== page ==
Tuesday, October 26, 2010
Cristian Amigo's "Kingdom of Jones" Beyond Category
Duke Ellington once said that great music is "beyond category." But if he were alive today, writing a blog on the internet, he'd be pulling his hair out. The internet and its search engines thrive on pigeonholing absolutely everything. Is it music? OK, what kind? Well that isn't always easy to put in terms of keywords. But they need that so that when somebody searches for Ugandan Traditional Tribal Music, for example, they get a ranked list of links.
Now that's fine in its own way but in the advanced worlds of modern music-making, categories that once were hard and fast seem to be breaking down. And that doesn't mean that it's all "Fusion," either.
Today's recording is a good example. Composer-conceptualist-musician Cristian Amigo has put together a program of music in his Kingdom of Jones (Innova 671) that proceeds, so to speak, from station to station, each station evoking a sound world that doesn't always easily translate into some musical category. You find contemporary improvisation, jazz and rock elements, electronics, ambient music, funk, a sort of drums 'n' bass sound, hints of electronica, hip hop inflections, a hint of world music influence, with some sampling involved, electronic collage, blues-like segments, musique concrete, new music, avant garde classical and things that combine more than one element at a time.
Cristian Amigo plays electric and acoustic guitar in parts throughout the recording, and so that's one factor that provides a point of reference. And he plays interesting things too. But the thrust of the work is contained in all the pieces and stylistic elements considered as a whole. Art imitates life, one well favored version of a world view has it. If that's so, Cristian Amigo has created the equivalent to a walk through Grand Central Station, where every imaginable sort of person may be walking by you. Would you classify the people in Grand Central Station as one sort of group? If you did, you would have to come up with generalities that are meaningless in some ways. "Travelers by train?" Mostly. But so what? I feel that way in trying to describe Kingdom of Jones in some straightforwardly ham-headed way. So I wont.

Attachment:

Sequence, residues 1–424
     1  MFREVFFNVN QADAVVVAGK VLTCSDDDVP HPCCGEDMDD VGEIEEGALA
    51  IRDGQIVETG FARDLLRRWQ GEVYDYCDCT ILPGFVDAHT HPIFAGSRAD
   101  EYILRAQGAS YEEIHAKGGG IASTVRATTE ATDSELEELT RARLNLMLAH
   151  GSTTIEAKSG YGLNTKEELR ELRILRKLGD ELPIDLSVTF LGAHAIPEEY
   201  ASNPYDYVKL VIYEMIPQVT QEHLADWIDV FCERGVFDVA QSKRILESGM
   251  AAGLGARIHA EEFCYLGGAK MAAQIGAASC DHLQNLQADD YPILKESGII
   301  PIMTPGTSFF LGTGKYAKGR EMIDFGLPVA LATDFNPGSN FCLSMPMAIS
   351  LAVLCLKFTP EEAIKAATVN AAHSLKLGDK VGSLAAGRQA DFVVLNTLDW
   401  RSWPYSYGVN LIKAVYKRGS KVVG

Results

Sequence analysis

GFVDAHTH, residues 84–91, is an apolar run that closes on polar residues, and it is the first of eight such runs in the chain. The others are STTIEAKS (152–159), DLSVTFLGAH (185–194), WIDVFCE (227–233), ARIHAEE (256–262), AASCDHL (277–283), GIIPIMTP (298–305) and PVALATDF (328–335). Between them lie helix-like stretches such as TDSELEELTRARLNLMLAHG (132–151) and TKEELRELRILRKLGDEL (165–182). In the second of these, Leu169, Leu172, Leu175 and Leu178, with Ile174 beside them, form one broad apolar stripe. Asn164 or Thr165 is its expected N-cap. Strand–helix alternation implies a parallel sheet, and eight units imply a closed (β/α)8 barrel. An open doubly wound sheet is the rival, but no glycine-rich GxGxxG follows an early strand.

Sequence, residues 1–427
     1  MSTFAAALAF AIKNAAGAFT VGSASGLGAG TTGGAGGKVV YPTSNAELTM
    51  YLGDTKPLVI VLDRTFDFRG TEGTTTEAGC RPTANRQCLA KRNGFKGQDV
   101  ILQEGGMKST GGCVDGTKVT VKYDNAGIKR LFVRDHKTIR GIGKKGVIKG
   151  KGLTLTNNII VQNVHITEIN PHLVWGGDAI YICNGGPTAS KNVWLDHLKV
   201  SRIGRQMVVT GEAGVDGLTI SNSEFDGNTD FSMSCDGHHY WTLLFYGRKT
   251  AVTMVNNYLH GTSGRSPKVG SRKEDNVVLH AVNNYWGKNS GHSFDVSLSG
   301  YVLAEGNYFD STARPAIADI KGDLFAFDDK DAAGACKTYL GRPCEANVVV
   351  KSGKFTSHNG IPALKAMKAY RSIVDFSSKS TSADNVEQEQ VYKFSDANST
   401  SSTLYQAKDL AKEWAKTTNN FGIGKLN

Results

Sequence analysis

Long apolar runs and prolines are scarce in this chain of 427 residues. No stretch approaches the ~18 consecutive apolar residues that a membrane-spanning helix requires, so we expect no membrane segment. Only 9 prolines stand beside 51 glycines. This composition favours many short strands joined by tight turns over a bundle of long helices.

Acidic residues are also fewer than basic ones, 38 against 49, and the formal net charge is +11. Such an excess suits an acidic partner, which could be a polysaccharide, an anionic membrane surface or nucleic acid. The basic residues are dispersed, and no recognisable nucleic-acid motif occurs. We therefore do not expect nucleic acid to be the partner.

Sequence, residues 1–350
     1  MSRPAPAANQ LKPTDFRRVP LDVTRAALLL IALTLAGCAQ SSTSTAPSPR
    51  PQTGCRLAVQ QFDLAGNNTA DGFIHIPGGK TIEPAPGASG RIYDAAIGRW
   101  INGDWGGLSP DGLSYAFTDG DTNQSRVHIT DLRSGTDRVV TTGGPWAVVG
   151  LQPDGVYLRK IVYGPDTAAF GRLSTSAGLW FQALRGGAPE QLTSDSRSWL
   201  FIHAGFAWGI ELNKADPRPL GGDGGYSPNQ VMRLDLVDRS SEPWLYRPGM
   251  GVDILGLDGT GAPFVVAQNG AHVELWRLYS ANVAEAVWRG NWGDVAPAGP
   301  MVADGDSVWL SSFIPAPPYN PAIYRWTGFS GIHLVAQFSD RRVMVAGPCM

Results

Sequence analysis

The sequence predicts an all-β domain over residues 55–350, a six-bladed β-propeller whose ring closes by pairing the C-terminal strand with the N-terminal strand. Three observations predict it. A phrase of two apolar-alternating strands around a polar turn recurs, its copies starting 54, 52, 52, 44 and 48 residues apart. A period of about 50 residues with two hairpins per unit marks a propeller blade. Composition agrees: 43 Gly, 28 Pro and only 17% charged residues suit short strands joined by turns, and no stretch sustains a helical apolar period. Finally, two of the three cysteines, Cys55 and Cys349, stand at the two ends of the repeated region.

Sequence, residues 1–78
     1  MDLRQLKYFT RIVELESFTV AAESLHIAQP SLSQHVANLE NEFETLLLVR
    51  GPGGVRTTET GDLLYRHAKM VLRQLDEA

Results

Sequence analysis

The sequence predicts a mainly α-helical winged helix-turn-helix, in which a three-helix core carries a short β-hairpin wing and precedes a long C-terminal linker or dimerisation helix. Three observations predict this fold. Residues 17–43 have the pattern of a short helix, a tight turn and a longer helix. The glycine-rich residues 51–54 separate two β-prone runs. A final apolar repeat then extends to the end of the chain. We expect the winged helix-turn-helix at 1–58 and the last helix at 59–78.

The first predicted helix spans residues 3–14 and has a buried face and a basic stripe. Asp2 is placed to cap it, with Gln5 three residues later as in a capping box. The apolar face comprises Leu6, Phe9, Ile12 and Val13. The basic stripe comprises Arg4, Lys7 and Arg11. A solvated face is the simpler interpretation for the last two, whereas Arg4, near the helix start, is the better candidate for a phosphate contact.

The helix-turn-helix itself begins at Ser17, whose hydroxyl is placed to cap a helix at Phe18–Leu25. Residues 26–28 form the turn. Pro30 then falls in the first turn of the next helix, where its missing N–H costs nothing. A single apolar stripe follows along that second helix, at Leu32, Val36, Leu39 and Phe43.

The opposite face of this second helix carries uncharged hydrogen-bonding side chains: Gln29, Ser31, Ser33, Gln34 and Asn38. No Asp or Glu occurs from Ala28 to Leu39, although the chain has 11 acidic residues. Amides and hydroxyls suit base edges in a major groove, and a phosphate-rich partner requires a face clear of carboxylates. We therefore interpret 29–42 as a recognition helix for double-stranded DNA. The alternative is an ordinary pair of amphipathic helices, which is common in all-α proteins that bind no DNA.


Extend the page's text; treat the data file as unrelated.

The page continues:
This is music. It is music that goes from point A to point B in a non-direct route through all kinds of geometric thickets. It is music that can be heard profitably many times because it is born of a complex aural orientation. It is not written out, apparently, as much as it is performed and assembled. So it is like a visual art assemblage combined with a performance piece? Not exactly.
What makes this recording worth hearing is that every piece in the puzzle somehow fits the whole; and every piece has intrinsic interest as music. There are quiet sections of dreamy contemplation. There are toe-tapping grooves, some psychedelic rock moments, sprawling but brief soundscapes, and some really interesting guitar work.
Don't expect a certain thing when you listen to this music. Take that tact and you'll be surprised and I would hope delighted with the various outcomes in any given section. Amigo makes music here that expresses a something that might not be defined in words to good advantage. It is the multiplicity of the modern experience.
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